Uber has rolled out updates to its Shop and Pay feature that address three of the most commonly raised courier issues: out of stock items, digital payments and order clarity before accepting a trip.
The ride-hail and delivery giant quietly launched Shop and Pay last year, a feature that lets delivery workers opt into receiving trips to do grocery or other retail shopping for customers before dropping off orders to the customer’s door. Basically, it’s Uber’s attempt to follow the Instacart model, which is working well for the incumbent grocery delivery company. Instacart reported a surge in sales and profits in the fourth quarter of 2022, buoyed by the growing consumer trend of buying groceries online rather than in-store.
Since launching six months ago, Uber says nearly 200,000 couriers are actively doing shopping trips each month in the U.S. For reference, over 600,000 people work for Instacart as shoppers, according to usage data from Business of Apps.
Uber sees a huge opportunity to scale that number up and beef out its grocery delivery pillar — just one part of the company’s plan to cross-sell customers across the platform, from food delivery to grocery delivery, grocery to alcohol, alcohol to experiences, experiences to rides.
(See: The Amazonification of Uber)
A crucial factor in this plan is ensuring drivers, or “shoppers” in this case, don’t absolutely hate the job — hence the app updates.
“Shoppers are a key ingredient to the success of Uber’s grocery ambitions, and we’re making great progress — but have a ways to go,” said Meghan Casserly, Uber’s head of communications for delivery. “…but framed against the more than 5.4 million drivers on the Uber platform worldwide, you can see the possibility for converting even a fraction of them to add shopping trips to the mix.”
Finding ways to make the experience of shopping for a customer as easy as possible is well within Uber’s interest to increasing usage of the offering. Shoppers not only have to deliver the orders, but they have to go into the store, ask customers questions, pay for orders and make decisions on what to do if there’s no more ginger lemon kombucha.
The first update gives shoppers a solution to out of stock items. Uber said this was consistently the No. 1 point of dissatisfaction in surveys, with as many as one in five grocery orders including at least one out of stock item. Figuring out a potential replacement is not only an annoying addition to a shopper’s mental load, but it can also lead to shoppers wasting time picking out a substitution. That’s a problem because shoppers aren’t paid based on how much time the gig takes — they accept the rate Uber gives them when they accept the gig, so time is of the essence.
Now, when a shopper tells the app they can’t find the originally requested item in the store, the app will show them a list of suggested substitutions based on similar brands or items to help speed up the decision making process. Shoppers can then send that suggestion to the customer directly in the app for review. Instacart has a similar feature, wherein a driver can choose between replacement suggestions prompted in the app, and the customer can approve the replacement on their end.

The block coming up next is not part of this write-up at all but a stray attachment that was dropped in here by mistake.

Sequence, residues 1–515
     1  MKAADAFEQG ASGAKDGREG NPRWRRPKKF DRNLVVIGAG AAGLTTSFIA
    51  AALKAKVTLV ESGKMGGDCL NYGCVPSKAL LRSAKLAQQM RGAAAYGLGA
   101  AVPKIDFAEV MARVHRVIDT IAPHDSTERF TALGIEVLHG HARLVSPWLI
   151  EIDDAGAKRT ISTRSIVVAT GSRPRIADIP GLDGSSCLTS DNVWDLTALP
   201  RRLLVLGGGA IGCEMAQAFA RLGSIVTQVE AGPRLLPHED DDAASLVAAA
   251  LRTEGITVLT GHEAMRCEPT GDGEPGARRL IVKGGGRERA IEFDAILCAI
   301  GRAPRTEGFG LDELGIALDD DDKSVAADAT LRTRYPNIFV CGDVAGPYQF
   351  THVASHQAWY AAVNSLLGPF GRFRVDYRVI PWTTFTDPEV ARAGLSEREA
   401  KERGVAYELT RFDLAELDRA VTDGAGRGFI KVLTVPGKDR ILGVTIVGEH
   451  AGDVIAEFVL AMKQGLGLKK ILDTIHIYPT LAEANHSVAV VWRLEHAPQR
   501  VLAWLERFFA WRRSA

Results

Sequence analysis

Uber has also found an apparent solution to giving its drivers a physical credit card that’s pre-authorized to cover the costs of orders they shop for. Drivers complained about their cards getting declined, putting them in the uncomfortable decision of either canceling the order and thus wasting their time, or paying out of their own pocket and rolling the dice on a reimbursement.
Now across the U.S., shoppers can activate a digital card on their phones using Apple or Google Pay. Uber said in a recent survey, 92% of shoppers found digital payments easy to activate, and 88% said it was easy to check out.
For comparison, Instacart launched a Mobile Checkout option using Apple Pay and Google Pay in 2020, but drivers have said they still need to use the physical card if the order exceeds the price tap limit.
Finally, Uber’s new update gives drivers more clarity over an order before accepting it. Shoppers will have visibility into the number of unique items in an order, rather than just the total number of items. The example Uber gave in a blog post was that it’s handy for a driver to know if they’re picking up one gallon of milk or five so they can decide if that order will actually fit in their car.
Soon, Uber said the “offer card” will also give shoppers information about the order, like whether it contains large, heavy or fragile items.
Instacart didn’t confirm what kind of information is on its offer card for shoppers, but based on a few YouTube videos from shoppers, it looks like shoppers are given the total number of items and total number of units (e.g. there are four items but five units because a customer ordered two of the same yogurts), as well as a brief preview of some of the items on a customer’s shopping list.